Saturday, 31 July 2010

All Things are Possible

"All Things are Possible"

I used to discuss this with Annie Parmeter and she often threw it at me for my opinions! In the therapeutic co-counseling context, in which she placed it, it is a therapeutic means of "obtaining emotional discharge" by the disparity between the actual and potential, by setting up a contradiction.

I knew the phrase rang a large bell in a religious context, and sure enough, its origin is in the King James translation of the Bible, from which it no doubt has percolated through English culture like so many phrases. I don't particularly like that translation, but that is clearly where it enters the mainstream as an aphorism.

It occurs in three places in the New Testament; and I approach them asking the following kind of question: why was this story "kept alive" in the early community, what function or purpose did it serve? So I'll cite the texts, and give my brief comment.

"And again I say unto you, It is easier for a camel to go through the eye of a needle, than for a rich man to enter into the kingdom of God. When his disciples heard it, they were exceedingly amazed, saying, Who then can be saved? But Jesus beheld them, and said unto them, With men this is impossible; but with God all things are possible. "(Matt 19:24-26)

This story is an "inversion of values" one; the "natural order" was the presumption that the rich would rank more highly that the poor in the "kingdom of God", as in earthly Kingdoms; and this teaches that this is contradictory; within the early community, as the early Christians were mostly poor folk, rather than rich ones, this story is a lesson in the contradiction of the way in which society measured things, and an affirmation that poverty is no barrier here (as it was in general in society at the time).

"And one of the multitude answered and said, Master, I have brought unto thee my son, which hath a dumb spirit; And wheresoever he taketh him, he teareth him: and he foameth, and gnasheth with his teeth, and pineth away: and I spake to thy disciples that they should cast him out; and they could not. He answereth him, and saith, O faithless generation, how long shall I be with you? how long shall I suffer you? bring him unto me. And they brought him unto him: and when he saw him, straightway the spirit tare him; and he fell on the ground, and wallowed foaming. And he asked his father, How long is it ago since this came unto him? And he said, Of a child. And oft times it hath cast him into the fire, and into the waters, to destroy him: but if thou canst do any thing, have compassion on us, and help us. Jesus said unto him, If thou canst believe, all things are possible to him that believeth. And straightway the father of the child cried out, and said with tears, Lord, I believe; help thou mine unbelief. (Mark 9:17-24)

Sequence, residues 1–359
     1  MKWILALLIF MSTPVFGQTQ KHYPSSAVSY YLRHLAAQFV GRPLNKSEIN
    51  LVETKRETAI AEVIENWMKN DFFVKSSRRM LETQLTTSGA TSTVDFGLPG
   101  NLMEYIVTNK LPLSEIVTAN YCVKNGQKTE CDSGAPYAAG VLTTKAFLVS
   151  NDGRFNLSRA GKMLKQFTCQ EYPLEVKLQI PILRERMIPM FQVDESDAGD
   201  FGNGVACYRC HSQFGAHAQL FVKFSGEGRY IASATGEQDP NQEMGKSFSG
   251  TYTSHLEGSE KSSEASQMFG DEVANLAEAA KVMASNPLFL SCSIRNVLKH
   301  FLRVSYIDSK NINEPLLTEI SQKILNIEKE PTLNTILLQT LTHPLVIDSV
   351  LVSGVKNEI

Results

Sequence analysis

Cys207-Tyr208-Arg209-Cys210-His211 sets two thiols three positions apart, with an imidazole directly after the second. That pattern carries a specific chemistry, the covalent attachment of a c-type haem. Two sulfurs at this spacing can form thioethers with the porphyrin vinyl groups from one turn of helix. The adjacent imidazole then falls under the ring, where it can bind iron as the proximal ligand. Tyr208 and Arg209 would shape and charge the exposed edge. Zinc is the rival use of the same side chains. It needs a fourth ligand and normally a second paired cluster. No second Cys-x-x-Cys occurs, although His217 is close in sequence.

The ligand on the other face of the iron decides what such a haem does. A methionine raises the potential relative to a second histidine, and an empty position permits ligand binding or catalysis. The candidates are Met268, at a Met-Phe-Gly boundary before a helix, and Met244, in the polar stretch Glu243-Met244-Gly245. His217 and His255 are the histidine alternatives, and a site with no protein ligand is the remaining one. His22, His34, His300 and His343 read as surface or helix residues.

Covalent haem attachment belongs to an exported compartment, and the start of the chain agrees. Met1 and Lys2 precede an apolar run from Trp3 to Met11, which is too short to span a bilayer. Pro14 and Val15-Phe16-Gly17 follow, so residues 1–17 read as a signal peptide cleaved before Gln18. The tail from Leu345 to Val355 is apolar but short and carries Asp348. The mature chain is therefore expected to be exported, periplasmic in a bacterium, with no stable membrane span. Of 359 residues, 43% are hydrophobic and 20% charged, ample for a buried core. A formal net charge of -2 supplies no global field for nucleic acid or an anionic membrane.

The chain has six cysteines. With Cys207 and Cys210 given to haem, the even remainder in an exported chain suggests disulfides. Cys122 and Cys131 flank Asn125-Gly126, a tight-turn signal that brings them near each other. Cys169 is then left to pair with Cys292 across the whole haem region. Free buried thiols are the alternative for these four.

This story is one about healing, but also about the difficulty in belief, and in believing "all things are possible". The last sentence is about the kind of contradiction; the man who brings his son (who appears to be epileptic) is the person who is the model of the contradiction between belief and unbelief, and the difficulty in believing "all things are possible".

Unfortunately, it is often misused by some who use it as a lesson in triumphalism ("if I believe, all things are possible, so if they are not, I can't be believing enough", or as an American radio jingle puts it: "Only believe, Only believe, All things are possible, only believe; Only believe, Only believe, All things are possible --only believe"). That seems to me to be the religious counterpart to the secular use of it in psychotherapy, and just as potentially damaging.